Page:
Tag Archives: parents

Finding the best food – what do they really mean, organic, GMO, and seasonal?

There is a lot of confusion about healthy, high-quality food. Does organic mean high-quality? What does genetically modified (GMO) mean? What about fruits and vegetables in supermarkets?

The explanation starts with organic food. This is a farming method that focuses on the land, not food. Organic farming started in opposition to the use of chemical sprays, petroleum-based fertilizers and other harmful substances. That opposition continues to this day and is having a great impact on our land, waterways, and the health of farmers.

When it comes to food the great value is not in nutrition but avoiding health problems. Those with allergies have a hard time with the pesticides, bleaches, and other toxics used. Parents love it because they are concerned for their children’s health. Janitors love it because they get to use non-toxic cleaning supplies. I could go on and on, and this is what makes organic healthy, but it doesn’t mean much for nutritional value.

What does is the seed used to grow the fruits and vegetables. GMO seeds are modified to be low in nutrition. A great benefit for supermarkets because it allows food to stay on the shelf longer, look ripe earlier, and grow quicker. Not such a great benefit for us.

The opposite type of seed is an heirloom, which is used for high nutritional content. Some offer better flavor, others juicy cores, but all focus on the same thing – high quality. The side effect is that supermarkets won’t carry them because they don’t last as long as GMO.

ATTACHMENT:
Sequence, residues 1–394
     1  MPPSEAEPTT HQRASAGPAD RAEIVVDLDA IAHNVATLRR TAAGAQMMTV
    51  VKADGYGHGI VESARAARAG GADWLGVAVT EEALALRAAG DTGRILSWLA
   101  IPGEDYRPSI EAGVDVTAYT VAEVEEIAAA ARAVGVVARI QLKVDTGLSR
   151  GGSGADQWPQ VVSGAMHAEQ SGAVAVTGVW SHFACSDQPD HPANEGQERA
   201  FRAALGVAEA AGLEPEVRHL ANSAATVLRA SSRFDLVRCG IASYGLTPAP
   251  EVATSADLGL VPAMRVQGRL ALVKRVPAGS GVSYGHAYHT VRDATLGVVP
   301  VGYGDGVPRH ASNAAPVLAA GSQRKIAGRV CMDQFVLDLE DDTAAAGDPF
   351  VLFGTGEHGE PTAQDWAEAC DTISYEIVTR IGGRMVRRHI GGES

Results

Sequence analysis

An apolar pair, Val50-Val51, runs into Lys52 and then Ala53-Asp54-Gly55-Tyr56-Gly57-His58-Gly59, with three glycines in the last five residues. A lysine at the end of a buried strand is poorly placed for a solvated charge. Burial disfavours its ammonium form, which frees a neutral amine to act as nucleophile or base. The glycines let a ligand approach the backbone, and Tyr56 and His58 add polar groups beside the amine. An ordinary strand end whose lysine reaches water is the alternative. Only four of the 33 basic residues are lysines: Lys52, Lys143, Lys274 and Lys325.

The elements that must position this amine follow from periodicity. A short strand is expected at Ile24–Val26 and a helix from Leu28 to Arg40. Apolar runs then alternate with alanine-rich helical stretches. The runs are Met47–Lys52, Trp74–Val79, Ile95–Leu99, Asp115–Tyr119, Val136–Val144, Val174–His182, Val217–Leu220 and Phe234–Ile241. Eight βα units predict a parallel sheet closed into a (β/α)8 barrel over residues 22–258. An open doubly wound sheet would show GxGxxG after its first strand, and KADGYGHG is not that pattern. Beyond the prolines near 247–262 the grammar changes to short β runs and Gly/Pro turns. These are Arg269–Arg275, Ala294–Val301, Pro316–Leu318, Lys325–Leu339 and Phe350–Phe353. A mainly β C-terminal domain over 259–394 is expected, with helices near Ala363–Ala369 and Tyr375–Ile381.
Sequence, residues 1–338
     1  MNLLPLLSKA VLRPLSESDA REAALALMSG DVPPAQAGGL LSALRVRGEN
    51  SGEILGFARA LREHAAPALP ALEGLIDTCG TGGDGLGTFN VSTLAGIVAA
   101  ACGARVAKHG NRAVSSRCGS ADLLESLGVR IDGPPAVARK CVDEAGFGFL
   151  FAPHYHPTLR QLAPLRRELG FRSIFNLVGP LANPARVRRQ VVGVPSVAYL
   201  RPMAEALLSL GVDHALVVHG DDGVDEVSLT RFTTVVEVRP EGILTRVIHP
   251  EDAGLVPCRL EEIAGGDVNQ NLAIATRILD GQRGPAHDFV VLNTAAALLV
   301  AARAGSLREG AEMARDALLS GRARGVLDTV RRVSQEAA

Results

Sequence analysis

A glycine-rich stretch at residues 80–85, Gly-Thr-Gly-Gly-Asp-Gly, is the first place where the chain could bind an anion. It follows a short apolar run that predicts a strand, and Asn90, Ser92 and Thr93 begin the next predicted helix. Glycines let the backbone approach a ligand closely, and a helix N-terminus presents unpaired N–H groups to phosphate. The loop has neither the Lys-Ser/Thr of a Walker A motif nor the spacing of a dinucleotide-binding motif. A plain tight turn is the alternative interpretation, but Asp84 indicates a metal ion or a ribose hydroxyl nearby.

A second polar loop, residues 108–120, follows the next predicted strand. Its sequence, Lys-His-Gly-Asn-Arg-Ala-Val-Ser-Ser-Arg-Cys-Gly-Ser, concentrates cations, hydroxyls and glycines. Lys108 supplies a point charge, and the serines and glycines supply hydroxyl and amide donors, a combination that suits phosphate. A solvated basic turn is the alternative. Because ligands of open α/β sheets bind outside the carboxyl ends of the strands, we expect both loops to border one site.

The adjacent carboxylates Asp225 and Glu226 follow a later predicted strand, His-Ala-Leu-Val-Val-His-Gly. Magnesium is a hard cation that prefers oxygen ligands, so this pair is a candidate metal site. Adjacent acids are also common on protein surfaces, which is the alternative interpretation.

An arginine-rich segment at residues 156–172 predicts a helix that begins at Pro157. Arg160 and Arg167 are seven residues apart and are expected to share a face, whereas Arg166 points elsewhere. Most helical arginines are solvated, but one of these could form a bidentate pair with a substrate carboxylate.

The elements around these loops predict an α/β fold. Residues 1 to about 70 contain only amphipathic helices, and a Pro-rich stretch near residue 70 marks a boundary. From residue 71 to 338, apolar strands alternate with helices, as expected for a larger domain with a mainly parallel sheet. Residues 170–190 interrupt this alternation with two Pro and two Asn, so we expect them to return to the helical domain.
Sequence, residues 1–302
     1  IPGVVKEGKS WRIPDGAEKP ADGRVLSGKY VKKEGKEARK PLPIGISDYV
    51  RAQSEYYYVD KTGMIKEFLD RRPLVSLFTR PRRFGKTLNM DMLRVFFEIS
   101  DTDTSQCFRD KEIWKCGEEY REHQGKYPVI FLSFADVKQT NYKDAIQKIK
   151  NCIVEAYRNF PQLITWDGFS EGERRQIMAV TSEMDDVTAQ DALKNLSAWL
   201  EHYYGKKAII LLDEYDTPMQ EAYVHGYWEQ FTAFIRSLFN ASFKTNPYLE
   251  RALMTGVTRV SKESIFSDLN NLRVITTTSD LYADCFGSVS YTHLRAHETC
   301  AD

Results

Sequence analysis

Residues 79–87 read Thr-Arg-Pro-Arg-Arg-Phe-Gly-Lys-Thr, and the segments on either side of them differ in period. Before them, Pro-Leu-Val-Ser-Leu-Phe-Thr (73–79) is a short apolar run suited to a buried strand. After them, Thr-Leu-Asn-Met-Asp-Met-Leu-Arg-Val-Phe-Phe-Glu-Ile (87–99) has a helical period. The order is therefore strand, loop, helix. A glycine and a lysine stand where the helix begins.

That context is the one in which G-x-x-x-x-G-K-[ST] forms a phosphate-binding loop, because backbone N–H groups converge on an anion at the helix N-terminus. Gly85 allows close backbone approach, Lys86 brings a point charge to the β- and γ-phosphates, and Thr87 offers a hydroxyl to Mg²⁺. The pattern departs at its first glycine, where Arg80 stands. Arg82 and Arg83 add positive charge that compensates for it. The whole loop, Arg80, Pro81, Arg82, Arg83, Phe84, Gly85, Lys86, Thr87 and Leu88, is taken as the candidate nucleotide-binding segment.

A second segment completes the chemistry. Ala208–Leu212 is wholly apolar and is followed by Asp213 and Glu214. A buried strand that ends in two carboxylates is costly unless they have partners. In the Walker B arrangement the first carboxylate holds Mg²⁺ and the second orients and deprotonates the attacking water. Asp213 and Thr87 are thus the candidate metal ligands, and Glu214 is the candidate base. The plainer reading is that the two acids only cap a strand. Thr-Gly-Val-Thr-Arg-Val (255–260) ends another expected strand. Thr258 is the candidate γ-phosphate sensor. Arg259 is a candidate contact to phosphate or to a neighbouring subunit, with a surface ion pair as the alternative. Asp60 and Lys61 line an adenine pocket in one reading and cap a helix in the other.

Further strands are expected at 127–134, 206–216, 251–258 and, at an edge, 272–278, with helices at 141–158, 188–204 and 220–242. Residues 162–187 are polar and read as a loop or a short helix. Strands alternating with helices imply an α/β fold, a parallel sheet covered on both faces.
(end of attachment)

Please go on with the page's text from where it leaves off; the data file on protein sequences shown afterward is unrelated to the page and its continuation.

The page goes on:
Farmers markets do carry them, and are one of the few places to find them. These markets offer exceptional fruits and vegetables and are the best places to shop, hands down. Not only do they sell heirloom foods, but also seasonal items. Seasonal means grown with the right weather and harvested at their peak. It makes them amazing, gushing with juices, incredible flavors, and the most nutrient-dense food possible.

Seasonal organic heirloom fruits and vegetables are the kings and queens of the food world. They avoid the toxics found in non-organic foods and are not genetically modified to be low in nutrition, like GMO’s. This may sound like a lot to learn, but you can skip all that by switching over to farmers markets. Once there it’s not hard to find seasonal organic heirloom foods, they will be everywhere!

Good luck with your eating adventures.

 

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Adventure playground is open! – mud slide, rafting, fort building, rope bridge

The kids will get dirty.